March 18, 2011

The best move I ever made

I had lived in the same city since I was four years old. I was hanging out with people I had known since high school. They were a wonderful group. But I realized we always did the same things, with the same people.

We rarely tried anything different or met anyone new. We were in what one might call a rut. Or at least I felt like I was. And I wanted more.

It can easily become that way when you live in the same city your whole life. My world was very small. If it was ever going to expand I would have to, as one friend put it, get out of my comfort zone. I decided I would move to another city.

I had never imagined leaving my hometown. But life was not turning out the way I had envisioned in many ways. I was not married, or a mother. And I was in my 30s. That was most definitely not The Plan I’d had for my life.

After much consideration and a year of planning, I made the big move. I chose a city I had visited in my business travels and loved. It was the best decision I ever made.

I created a new life I absolutely loved. It was in many ways liberating to move to a place where I knew no one. I was starting over. Not that my life before had been so terrible; it hadn’t. But I had the rare and exciting opportunity to build the life I wanted from scratch.

I loved life in my new city so much I wrote an online column about it for the local newspaper. People used to joke I should have worked for the Chamber of Commerce. I was quite the ambassador for my new home town.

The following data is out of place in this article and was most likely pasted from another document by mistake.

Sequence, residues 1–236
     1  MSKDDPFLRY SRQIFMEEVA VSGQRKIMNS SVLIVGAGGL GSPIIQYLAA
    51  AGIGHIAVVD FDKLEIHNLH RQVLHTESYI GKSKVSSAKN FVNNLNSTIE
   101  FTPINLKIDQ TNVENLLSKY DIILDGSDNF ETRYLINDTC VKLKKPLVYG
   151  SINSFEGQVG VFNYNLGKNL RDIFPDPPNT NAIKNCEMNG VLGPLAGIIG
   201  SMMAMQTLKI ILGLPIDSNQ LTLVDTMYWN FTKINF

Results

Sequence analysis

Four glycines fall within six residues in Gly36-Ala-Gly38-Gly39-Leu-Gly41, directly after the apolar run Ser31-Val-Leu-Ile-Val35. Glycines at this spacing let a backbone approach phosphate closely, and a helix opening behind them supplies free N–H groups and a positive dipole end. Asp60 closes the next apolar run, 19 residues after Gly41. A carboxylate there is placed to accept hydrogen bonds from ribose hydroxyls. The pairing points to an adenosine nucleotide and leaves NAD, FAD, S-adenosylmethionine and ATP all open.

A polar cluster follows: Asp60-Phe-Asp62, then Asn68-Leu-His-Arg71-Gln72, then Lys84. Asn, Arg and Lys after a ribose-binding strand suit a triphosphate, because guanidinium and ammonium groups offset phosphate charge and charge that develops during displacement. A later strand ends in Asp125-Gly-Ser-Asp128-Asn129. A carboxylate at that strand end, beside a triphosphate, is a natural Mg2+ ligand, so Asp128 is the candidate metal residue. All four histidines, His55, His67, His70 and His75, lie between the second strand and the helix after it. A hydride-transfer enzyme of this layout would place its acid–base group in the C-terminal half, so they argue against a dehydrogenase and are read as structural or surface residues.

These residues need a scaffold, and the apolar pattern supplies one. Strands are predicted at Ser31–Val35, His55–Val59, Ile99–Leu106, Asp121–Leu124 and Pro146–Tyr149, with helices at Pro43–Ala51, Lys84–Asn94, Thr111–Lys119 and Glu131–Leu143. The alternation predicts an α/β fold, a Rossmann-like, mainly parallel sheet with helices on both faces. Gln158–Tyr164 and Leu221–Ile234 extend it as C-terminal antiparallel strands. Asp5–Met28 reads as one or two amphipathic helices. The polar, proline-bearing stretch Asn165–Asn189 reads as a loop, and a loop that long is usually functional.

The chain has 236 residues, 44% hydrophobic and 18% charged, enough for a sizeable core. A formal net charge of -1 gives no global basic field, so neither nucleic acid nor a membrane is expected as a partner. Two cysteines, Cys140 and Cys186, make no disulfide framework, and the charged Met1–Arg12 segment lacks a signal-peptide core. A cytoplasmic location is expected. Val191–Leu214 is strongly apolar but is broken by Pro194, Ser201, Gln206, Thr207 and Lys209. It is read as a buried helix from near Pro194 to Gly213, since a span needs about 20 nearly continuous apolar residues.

I met the man who would become my husband three years after moving. As eager as I was to get married and have children, I’m glad I had the opportunity to build my new life before he became a part of it.

We were both older. So we preferred a small, intimate ceremony. We had a beautiful destination wedding at the beach attended by close friends and family. It was perfect.

At the age of 40, I became a first time mother. A lifelong dream was realized. The path I had taken to get to that moment was not the one I would have predicted. But, just because things don't turn out as you expect, it doesn't mean they don't turn out well.

This week's Red Writing Hood assignment was to write - fiction or non-fiction - about a time when you took a detour. Where had you intended to go and where did you end up? Word limit is 600.

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